Seven weeks earlier, we boasted a 9-5 overall record and a 3-2 mark in Mid-America Intercollegiate Athletics Association play. We had overcome losing seven seniors to graduation from the previous season, four of whom signed professional basketball contracts. We overcame losing our only returning starter to an Achilles tendon rupture in the preseason, and we proved we could still compete and win games.
Things changed quickly.
Against Missouri Western, our best player and perhaps the best overall athlete in the MIAA, junior Brenden Van Dyke, took an awkward fall after being hit while attacking the rim in transition. As he lay on the floor in agonizing pain, I went over and crouched down beside him as he screamed. I knew. Brenden knew. We all knew.
The MRI came back to confirm a torn ACL.
Two weeks later, junior Dallas Bailey broke his foot on the first play of the game at Central Missouri. Five freshmen started multiple games the last 14 games of the season, sometimes four on the same night. This is not a recipe for winning games in Division II, especially in the MIAA.
With three upperclassmen enduring season-ending surgeries, after graduating a big class of seniors, this was what we had to do.
We lost 13 of our last 14 games, finishing with a 10-18 record.
It could only get better from here, right?
Then a global pandemic struck.
I was raised on a farm 40 miles south of Sioux Falls, South Dakota. I grew up attending games and camps at South Dakota, South Dakota State and Augustana (South Dakota). I loved Division II basketball. When I decided my career path would be in coaching, my goal was to become a Division II head coach.
I reached that goal April 27, 2018. My staff and I took over a program at Emporia State that finished tied for last in the 14-team MIAA conference the year before. We also had just coached three national championship teams in the previous five seasons. So there was a lot of work to be done, but we were ready for this opportunity.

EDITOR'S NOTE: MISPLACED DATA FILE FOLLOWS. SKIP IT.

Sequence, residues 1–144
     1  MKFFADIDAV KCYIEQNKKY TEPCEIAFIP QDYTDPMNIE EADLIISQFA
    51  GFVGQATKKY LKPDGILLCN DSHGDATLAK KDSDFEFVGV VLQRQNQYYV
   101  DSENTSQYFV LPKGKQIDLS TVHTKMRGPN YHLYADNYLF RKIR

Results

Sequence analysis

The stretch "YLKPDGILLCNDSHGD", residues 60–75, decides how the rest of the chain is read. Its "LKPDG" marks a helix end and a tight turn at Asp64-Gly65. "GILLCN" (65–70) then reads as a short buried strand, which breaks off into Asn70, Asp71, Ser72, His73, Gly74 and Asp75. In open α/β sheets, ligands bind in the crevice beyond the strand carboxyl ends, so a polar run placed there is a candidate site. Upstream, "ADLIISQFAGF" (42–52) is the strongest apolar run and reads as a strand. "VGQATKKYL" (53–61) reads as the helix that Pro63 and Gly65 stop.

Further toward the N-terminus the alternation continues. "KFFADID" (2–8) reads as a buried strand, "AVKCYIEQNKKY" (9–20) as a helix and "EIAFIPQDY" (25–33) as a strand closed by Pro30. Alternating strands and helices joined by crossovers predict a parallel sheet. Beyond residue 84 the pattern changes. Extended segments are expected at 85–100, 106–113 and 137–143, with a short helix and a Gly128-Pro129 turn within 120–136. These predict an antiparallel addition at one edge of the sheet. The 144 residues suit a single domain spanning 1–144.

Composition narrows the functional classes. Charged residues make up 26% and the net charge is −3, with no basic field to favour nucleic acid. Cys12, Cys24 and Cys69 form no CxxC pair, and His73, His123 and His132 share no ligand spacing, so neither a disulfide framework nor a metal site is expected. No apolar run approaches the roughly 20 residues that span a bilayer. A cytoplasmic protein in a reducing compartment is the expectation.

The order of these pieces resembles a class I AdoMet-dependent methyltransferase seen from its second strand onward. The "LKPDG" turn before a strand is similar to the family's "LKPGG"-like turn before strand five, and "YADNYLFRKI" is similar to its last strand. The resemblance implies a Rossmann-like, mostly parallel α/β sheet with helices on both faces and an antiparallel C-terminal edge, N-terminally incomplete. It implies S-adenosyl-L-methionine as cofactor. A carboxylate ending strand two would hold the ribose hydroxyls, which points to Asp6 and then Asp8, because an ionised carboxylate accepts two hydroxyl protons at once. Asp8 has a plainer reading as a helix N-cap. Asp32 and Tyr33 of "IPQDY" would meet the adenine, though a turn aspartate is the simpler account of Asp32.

Emporia, as we’ve found out, is an incredible college town.
With 25,000 people, it is the perfect sized community for a Division II program. People live and breathe Emporia State athletics. Every game is followed closely. You cannot walk into Walmart or Applebee’s without getting praised for a win or grilled about a loss.
After knocking off No. 20 Southwest Minnesota State to open our first season, the No. 1 question we got was, “How long are you going to stay before you leave us for the next level?”
While year one went back and forth, the progress was evident, and that same question was posed to me from everyone from my banker before signing a mortgage to the seamstress who tailors my suits.
Midway through year two, we had the program rolling. We were ahead of schedule, and life was good.
Then the injuries and the subsequent losses started to mount. The outward question of, “How long will Coach Doty be here before he moves up?” changed to people wondering why the program was back to its old ways of struggling through the unforgiving second- semester MIAA schedule.